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1. Rebbi Shimon maintains that although one is forbidden to eat Basar b'Chalav, one is permitted to benefit from Basar b'Chalav.
2. Some say that there is an argument about whether food that the Torah forbids must be designated as food in order to be able to become Tamei.
3. Rava says that everyone agrees that food that the Torah forbids requires designation in order to be able to become Tamei.
4. There is a disagreement about whether the Shechitah of a non-Kosher bird or animal merely in order to learn how to slaughter gives it the status of food to become Tamei.
5. The disagreement about whether one is permitted to benefit from a Peter Chamor before it is redeemed applies to both benefiting from its body and from its monetary value.
6. Many Amora'im maintain that although Rebbi Shimon says that one may benefit from a Peter Chamor before it is redeemed, he agrees that after it is beheaded it is forbidden.
7. Rebbi Yochanan (and some say Rebbi Elazar) argues that Rebbi Shimon maintains that one is permitted to benefit from a Peter Chamor even after it is beheaded.
8. The Gemara discusses how to understand the Mishnah that states that if a person is Mekadesh a woman with a Peter Chamor, she is not Mekudeshes.
A BIT MORE
1. This is unlike the Rabanan quoted earlier (6b), who say that one is also forbidden to benefit from Basar b'Chalav.
2. According to this opinion, the Rabanan say "Ho'il v'Isuro Chishuvo," meaning that the fact that the Torah forbids eating it gives it the status of food, and thus it can become Tamei as food. Rebbi Shimon disagrees.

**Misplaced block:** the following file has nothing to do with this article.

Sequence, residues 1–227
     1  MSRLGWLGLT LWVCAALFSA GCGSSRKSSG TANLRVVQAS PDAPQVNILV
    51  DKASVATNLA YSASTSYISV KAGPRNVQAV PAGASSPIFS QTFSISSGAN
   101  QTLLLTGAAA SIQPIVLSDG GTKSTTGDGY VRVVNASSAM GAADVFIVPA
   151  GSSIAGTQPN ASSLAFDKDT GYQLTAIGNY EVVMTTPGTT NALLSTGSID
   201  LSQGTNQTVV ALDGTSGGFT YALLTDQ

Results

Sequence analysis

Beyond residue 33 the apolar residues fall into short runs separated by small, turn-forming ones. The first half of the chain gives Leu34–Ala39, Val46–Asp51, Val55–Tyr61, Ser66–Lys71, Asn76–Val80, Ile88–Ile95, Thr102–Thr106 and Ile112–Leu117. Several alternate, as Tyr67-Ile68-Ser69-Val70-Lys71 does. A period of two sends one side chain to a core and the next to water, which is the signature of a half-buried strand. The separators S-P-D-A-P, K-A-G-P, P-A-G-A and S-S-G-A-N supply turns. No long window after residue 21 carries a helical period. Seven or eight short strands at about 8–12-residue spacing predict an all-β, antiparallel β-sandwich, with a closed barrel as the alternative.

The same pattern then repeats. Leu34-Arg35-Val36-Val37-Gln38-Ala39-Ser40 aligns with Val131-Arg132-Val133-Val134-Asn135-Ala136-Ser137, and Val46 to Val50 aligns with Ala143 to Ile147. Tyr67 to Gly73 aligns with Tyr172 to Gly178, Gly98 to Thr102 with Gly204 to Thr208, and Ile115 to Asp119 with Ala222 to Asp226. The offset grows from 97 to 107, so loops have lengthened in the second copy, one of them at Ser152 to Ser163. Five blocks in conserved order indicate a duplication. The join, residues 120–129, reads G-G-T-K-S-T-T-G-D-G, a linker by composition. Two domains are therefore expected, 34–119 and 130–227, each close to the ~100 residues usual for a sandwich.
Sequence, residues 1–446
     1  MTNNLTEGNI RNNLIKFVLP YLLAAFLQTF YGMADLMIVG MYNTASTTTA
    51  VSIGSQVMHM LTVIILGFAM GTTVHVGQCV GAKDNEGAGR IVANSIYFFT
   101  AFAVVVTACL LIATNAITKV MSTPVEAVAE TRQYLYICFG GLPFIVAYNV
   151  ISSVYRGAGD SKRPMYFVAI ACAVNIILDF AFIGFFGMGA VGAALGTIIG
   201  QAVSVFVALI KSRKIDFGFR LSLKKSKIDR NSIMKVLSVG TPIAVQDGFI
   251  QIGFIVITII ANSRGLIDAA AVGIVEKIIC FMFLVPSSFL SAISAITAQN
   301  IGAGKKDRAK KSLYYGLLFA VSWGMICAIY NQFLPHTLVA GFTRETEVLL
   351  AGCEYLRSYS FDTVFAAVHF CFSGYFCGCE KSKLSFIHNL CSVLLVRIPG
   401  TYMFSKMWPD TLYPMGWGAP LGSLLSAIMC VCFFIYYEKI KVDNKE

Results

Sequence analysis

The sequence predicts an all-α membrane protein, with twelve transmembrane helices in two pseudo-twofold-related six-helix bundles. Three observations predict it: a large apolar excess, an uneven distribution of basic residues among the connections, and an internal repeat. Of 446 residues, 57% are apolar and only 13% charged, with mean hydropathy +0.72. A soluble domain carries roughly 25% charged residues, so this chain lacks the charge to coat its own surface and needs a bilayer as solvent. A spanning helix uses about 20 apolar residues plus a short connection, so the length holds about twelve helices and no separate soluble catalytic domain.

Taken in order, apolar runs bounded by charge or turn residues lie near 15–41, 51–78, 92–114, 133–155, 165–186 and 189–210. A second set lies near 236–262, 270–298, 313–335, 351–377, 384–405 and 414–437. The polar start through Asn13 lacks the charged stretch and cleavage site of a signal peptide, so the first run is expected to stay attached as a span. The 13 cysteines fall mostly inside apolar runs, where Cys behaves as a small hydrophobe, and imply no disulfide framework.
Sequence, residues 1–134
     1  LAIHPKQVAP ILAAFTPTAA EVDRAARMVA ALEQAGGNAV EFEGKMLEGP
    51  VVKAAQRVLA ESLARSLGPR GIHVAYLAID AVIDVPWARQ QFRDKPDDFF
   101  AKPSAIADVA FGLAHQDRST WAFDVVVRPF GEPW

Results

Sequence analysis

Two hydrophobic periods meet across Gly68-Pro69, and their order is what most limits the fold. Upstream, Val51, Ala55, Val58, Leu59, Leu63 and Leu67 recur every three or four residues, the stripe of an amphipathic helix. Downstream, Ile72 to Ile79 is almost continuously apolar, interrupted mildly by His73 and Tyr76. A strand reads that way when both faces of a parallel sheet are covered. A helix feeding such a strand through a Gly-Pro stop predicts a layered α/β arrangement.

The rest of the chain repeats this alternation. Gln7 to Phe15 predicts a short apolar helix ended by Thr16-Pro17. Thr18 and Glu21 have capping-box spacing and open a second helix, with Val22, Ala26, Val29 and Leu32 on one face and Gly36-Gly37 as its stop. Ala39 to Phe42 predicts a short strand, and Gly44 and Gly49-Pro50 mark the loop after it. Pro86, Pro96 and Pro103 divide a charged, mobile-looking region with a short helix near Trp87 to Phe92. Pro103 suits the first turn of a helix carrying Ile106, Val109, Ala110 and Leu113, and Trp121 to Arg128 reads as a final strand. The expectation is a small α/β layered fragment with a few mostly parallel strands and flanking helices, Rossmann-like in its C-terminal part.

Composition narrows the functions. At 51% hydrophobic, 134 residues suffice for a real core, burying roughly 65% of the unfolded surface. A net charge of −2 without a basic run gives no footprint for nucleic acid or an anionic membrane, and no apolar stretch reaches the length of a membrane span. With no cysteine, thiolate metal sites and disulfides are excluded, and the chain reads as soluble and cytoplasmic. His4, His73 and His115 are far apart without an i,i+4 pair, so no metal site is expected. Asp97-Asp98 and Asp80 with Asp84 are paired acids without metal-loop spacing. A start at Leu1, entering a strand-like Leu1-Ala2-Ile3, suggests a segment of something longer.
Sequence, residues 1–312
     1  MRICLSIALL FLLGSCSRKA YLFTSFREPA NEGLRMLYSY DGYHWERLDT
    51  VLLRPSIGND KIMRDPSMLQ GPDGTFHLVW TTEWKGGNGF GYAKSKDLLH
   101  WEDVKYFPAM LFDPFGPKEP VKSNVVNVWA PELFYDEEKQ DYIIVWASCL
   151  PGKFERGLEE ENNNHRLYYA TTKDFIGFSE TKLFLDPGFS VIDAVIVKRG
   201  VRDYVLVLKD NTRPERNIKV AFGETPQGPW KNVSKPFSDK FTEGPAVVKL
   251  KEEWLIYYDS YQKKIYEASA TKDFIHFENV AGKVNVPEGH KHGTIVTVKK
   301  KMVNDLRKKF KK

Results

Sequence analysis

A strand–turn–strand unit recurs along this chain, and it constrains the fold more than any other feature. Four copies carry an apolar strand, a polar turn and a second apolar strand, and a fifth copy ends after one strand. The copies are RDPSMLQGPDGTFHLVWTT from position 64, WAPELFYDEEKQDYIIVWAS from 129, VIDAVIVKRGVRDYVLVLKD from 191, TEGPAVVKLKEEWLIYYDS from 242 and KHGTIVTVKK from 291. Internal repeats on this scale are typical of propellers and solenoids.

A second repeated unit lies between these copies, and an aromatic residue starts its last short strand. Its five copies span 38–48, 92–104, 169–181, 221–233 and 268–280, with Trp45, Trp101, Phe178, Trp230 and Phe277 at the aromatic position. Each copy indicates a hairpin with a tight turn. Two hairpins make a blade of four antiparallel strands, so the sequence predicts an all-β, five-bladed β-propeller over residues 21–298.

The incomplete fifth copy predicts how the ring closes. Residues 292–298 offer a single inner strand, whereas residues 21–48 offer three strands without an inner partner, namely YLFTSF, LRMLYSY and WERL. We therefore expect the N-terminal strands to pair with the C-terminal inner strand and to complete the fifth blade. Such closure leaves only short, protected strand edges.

3. Therefore, Rava understands that if a Peter Chamor was beheaded from the back of the neck, it does not automatically become Tamei.
4. Rava understands that Nimus maintains that slaughtering a bird or animal in order to learn how to slaughter does not cause it to have the ability to become Tamei as food. Rebbi Eliezer says that it does. Rava suggests that this is the basis of the argument between Rebbi Shimon and the Rabanan earlier (9b).
5. An example of benefiting from its body is causing it to work, or shearing its "wool." An example of benefiting from its value is receiving money for renting it out.
6. In one version, Rav Nachman is quoted as saying that this is derived from a comparison to the Eglah Arufah. In another version, he says that it is only logical that a person who denied the Kohen his sheep should not be permitted to benefit from his Peter Chamor.
7. The Gemara shows how it is possible that both versions of Rav Nachman (in 6 above) might apply to Rebbi Yehudah and not to Rebbi Shimon.
8. Rav Nachman understands that the case involves a Peter Chamor that was beheaded, and therefore one may not benefit from it, according to both Rebbi Yehudah and Rebbi Shimon.
Next Daf Index to Revach for Maseches Bechoros